This indie comedy/drama is about 2 couples. The first is Kate (Olivia Wilde) and Chris (Ron “have I ever been in a studio movie before?” Livingston). The second being Luke (Jake Johnson) and Jill (Anna Kendrick). But really, it’s more about the friendship between Kate and Luke. They both work in a brewery that makes craft beer. Luke is one of the guys who actually does the brewing, while Kate handles all the sales. They both go out with their co-workers every day after work to let off steam by having several drinks. Kate invites Luke and Jill up to Chris’s cabin for a couples weekend. While up there, the couples switch hanging out with each other. Chris and Jill go out hiking while Kate and Luke stay at the cabin and drink. Something happens, which I won’t reveal, but it causes some stress within these couples. When they return, Jill leaves for Costa Rica with some friends, while Chris dumps Kate. Luke helps Kate move in to a new place, and during which their friendship seems to be growing stronger. Do they like each other? Would it work?
This movie kind of starts off like every other low-key indie comedy I’ve ever seen. But then something happened. I really began to like these characters, especially Kate and Luke. They have such a special bond that felt genuine. I loved watching these two interact with each other, and their chemistry gets stronger throughout the film. And it doesn’t go in the most predictable direction either. Just when I thought it was going to go somewhere, it goes somewhere else. I liked that.
The reason why any of this works as well as it does is the acting. Everyone does exceptionally well here. Ron Livingston is kind of an indie-king these days, but he’s still quite good. Even better is Anna Kendrick who delivers an honest performance of a self-doubting character. Jake Johnson, who is most known for his role on TV’s THE NEW GIRL, is fantastic as Luke. He’s a happy-go-lucky guy who has a tough decision to make. He deeply loves Jill, but he also has a certain affection for Kate. He just has to decide if it’s strictly platonic or not. He’s kind of the funny guy in the movie, but he also can do some dramatic lifting when needed to. But the real surprise here is Olivia Wilde. To be honest, I’ve always thought of her as a kind of alien with her unrealistic beauty, perfect complexion and plucked eyebrows. Even with bags under her eyes, she still looks like a supermodel. So accepting her as a “just one of the boys” type of character is kind of hard to swallow. And yet, Wilde pulls it off because of her completely honest performance. She is so genuine and natural here. But the absolute best part of this movie is the chemistry between Johnson and Wilde. They have a special kind of charm when they share the screen together. It made me think of some of my best friends (that are girls) and how we act towards one another. It felt very real.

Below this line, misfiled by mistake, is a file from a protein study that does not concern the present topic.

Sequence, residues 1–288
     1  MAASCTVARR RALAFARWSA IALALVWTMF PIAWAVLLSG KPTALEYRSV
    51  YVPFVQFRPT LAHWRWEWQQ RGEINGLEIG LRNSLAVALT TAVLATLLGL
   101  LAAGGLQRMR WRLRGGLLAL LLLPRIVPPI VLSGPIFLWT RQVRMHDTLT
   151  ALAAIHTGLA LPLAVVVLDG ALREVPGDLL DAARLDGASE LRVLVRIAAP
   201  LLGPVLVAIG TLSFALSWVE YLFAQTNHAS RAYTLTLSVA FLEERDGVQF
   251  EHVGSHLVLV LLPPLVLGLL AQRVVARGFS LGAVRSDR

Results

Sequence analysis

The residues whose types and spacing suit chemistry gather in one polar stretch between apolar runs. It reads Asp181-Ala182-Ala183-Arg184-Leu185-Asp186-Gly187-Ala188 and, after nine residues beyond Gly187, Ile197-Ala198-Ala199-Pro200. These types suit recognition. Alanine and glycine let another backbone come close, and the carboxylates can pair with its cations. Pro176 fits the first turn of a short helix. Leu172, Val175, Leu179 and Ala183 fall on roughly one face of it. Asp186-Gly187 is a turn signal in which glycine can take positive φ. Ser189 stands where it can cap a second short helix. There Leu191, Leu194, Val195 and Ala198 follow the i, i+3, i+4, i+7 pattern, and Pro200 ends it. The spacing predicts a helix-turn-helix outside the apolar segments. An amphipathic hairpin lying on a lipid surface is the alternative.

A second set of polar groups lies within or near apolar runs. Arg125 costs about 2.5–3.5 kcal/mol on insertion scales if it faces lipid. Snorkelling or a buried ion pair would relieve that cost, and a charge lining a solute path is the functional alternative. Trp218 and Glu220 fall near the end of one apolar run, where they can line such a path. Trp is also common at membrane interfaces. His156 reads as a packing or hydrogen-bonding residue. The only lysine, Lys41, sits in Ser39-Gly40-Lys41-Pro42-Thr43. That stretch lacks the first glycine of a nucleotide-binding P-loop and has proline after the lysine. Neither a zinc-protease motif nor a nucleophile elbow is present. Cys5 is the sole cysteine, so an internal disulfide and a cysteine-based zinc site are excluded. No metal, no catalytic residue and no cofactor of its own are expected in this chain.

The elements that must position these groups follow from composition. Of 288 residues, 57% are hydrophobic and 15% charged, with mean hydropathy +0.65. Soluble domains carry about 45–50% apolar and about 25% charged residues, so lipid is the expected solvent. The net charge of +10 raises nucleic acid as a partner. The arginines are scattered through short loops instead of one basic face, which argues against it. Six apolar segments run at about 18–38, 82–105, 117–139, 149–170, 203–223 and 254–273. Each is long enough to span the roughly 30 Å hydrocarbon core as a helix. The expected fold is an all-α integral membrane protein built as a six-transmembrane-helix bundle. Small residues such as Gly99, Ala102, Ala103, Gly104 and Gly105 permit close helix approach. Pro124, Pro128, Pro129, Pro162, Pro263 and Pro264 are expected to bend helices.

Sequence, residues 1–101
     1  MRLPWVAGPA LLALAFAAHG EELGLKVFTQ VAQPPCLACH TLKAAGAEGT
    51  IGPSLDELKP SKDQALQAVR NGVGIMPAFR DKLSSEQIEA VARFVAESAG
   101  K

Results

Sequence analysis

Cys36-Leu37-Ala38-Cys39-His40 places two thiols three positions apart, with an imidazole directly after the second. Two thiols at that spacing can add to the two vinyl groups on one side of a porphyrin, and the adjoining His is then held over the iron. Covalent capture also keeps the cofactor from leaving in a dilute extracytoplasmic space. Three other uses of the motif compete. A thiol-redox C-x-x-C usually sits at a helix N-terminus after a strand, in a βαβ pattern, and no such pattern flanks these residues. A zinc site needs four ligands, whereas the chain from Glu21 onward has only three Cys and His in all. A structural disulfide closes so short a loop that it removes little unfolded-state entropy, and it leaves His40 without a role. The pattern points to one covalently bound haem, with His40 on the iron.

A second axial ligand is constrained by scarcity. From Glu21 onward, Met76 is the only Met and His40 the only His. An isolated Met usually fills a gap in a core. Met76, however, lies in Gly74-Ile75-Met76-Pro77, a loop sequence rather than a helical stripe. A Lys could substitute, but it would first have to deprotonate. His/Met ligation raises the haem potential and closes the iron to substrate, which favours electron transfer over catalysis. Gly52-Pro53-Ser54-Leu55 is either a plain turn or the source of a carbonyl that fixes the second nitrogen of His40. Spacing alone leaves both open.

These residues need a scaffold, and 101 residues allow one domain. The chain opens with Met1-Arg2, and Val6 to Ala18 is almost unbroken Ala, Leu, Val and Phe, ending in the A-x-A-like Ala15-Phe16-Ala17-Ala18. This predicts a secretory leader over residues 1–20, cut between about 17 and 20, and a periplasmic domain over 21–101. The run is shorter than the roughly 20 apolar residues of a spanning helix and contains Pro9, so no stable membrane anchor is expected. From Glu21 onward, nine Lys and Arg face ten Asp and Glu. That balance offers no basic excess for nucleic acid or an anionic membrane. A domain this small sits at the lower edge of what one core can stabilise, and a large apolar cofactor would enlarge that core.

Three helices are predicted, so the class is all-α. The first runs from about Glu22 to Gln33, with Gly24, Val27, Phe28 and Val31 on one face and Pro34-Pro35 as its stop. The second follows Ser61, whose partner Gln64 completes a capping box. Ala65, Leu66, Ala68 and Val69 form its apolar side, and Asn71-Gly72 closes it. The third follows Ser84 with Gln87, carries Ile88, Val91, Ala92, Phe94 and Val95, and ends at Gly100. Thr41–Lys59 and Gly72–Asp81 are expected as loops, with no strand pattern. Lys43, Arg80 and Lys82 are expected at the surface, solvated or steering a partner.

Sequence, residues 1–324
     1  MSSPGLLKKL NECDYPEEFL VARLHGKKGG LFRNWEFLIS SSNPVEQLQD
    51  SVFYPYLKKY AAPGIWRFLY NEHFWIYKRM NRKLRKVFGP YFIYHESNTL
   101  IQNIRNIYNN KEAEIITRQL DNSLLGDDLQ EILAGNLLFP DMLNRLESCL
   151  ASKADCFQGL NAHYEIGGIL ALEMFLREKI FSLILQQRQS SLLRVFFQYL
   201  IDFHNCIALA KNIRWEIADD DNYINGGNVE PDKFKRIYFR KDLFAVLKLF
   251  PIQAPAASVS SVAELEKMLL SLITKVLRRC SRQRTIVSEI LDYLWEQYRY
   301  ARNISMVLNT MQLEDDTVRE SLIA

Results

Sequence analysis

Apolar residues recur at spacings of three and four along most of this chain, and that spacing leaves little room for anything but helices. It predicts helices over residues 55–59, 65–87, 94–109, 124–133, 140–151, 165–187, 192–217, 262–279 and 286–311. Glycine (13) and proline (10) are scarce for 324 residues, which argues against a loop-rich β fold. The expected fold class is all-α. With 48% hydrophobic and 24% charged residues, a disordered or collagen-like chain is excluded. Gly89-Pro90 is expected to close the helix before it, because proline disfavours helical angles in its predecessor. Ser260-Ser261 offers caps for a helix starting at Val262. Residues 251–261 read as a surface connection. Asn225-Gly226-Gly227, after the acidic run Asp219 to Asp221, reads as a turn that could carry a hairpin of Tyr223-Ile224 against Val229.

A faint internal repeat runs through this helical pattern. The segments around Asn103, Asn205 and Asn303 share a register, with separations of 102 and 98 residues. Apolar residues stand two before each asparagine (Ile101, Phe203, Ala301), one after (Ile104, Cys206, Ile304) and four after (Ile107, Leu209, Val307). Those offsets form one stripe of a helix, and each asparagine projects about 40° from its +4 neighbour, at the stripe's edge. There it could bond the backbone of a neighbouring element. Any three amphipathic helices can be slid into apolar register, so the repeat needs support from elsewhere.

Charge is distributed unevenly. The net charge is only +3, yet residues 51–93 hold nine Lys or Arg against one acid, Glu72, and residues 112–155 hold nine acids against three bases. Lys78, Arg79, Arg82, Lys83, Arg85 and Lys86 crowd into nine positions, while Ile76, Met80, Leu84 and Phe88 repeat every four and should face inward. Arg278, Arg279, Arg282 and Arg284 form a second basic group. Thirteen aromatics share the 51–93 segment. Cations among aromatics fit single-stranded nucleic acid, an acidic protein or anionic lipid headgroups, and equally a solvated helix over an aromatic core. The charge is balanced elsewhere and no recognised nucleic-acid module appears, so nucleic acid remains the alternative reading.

The direction by Joe Swanberg is very good. I have to especially applaud him for one thing. Thank God you didn’t follow that Indie-film cliche and use handheld camera work! Nope! He uses smooth stedicam shots. And it’s also shot in a wide aspect ratio. It still feels like an independent movie, but it does have a fresh feel to it. The writing is very natural, though I have a hunch that at least some of the dialogue was improvised. And successfully at that. I also thought that this was going to be more of a comedy, and while there is some humor, none of it is through cheap jokes, but through the way the characters play off of one another. This was a lot more serious than I thought, and it really works.
This is a small movie, but the characters are completely believable and likable. It starts small, but builds to a climax that surprisingly had lots of emotion and heart. DRINKING BUDDIES is a surprisingly complex and charming movie about 2 best friends who are at a crossroads in their lives. Olivia Wilde gives her best performance to date, and her chemistry with Jake Johnson is a joy to watch. As far as indie dramedies go, this is one of the very good ones. ★★★½ (out of ★★★★)
– Rated R for language throughout.
– Running time: 1hr 30min.